The authors started their research with the idea that the studies wouldn’t add much more to what is already known – that things had been studied to death and that there was little chance of upsetting the currently conceived notions about Easter Island. But by looking a little deeper, by not necessarily accepting what had gone before, by opening up to other disciplines to bring new understanding, those notions fell by the wayside, and a new understanding of the original Easter Island inhabitants comes to light. A much fairer picture. A picture that is much more believable when we stop and think that they were human beings just like us.

As I say, if this is your first introduction to Easter Island, I can’t say you will find this entire book as fascinating as I did. But I also believe it is as good a place to start as any to begin the voyage of discovery. ( )
  figre | Aug 19, 2012 |
I really enjoyed this scientific unravelling of the mysteries of Rapa Nui. Although truth doesn't prove to be stranger than fiction in this case, it's a lot more compelling. The authors propose far more plausible, if mundane, explanations for the well-known conundrum that is the island: rat infestations, disease epidemics spread by European contact, cultural traditions that gave way to a European barter economy, and a number of faulty assumptions made by the earliest discoverers. For instance, Rapa Nui most likely never had any good timber trees to begin with.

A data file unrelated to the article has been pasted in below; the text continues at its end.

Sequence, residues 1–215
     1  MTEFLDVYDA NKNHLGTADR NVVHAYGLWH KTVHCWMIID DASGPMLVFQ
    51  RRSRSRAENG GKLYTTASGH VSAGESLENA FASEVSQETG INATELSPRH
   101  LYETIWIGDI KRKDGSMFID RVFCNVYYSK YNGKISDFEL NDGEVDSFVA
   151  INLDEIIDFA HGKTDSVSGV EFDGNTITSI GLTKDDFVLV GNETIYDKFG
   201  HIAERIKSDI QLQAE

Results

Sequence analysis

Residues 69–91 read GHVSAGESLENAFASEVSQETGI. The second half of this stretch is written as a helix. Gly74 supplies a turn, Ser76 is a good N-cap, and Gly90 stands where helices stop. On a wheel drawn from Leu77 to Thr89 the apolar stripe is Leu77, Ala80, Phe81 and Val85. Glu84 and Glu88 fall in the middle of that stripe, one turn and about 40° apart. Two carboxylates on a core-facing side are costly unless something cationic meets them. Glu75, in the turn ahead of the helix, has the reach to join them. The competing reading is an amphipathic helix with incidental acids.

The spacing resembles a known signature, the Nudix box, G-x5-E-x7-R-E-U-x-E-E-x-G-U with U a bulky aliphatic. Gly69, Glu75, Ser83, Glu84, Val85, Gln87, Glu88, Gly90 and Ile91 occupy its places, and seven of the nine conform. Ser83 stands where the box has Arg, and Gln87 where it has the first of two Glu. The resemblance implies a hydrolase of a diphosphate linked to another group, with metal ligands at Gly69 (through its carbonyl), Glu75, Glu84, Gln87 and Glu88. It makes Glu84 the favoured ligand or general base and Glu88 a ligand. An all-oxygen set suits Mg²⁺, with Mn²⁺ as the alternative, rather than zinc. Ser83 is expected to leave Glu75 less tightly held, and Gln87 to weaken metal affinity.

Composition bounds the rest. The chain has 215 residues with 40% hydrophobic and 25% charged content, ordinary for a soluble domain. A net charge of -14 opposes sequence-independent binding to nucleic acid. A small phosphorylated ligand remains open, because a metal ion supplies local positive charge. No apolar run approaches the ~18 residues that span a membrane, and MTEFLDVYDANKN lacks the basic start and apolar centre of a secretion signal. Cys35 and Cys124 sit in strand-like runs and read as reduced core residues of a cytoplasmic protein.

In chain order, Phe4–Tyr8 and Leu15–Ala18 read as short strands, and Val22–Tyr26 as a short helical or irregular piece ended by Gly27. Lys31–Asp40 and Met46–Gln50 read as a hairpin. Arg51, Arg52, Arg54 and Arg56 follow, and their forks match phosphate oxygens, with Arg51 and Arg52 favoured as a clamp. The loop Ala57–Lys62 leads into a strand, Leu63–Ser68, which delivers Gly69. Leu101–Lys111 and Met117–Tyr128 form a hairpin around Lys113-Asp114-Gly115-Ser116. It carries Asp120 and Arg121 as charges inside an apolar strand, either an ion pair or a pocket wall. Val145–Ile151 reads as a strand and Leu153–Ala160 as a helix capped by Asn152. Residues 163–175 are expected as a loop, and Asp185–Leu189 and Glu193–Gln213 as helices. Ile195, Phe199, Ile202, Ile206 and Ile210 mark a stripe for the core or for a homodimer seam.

Two chapters where the authors strayed outside their expertise were particularly weak: one that attempted to explain game theory in order to show why the islanders managed to resist killing each other for so long, and one that muddled clumsily through an explanation of how diverting resources from food production to "bet-hedging" strategies like building statues can make evolutionary sense. This may be true, but the explanation wasn't convincing.

Indeed, the best parts of the book start from solid evidence and make the smallest possible leaps of faith, and use the simplest interpretation. Lithic mulches were a great discovery. Why so many statues? The authors don't know, and don't even guess. Excellent. ( )
  stevage | Dec 28, 2011 |
Showing 1-5 of 7 (next | show all)
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» Add other authors (8 possible)

Author nameRoleType of authorWork?Status
Hunt, TerryAuthorprimary authorall editionsconfirmed
Barrett, JoeNarratorsecondary authorsome editionsconfirmed
Bibikov, WalterCover photographersecondary authorsome editionsconfirmed
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To Professor Robert C. Dunnell (December 4, 1942-December 13, 2010), mentor and friend, whose contributions to archaeology and to our thinking made this book possible.
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Mention Easter Island to just about anyone and "mystery" immediately comes to mind.
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(Click to show. Warning: May contain spoilers.)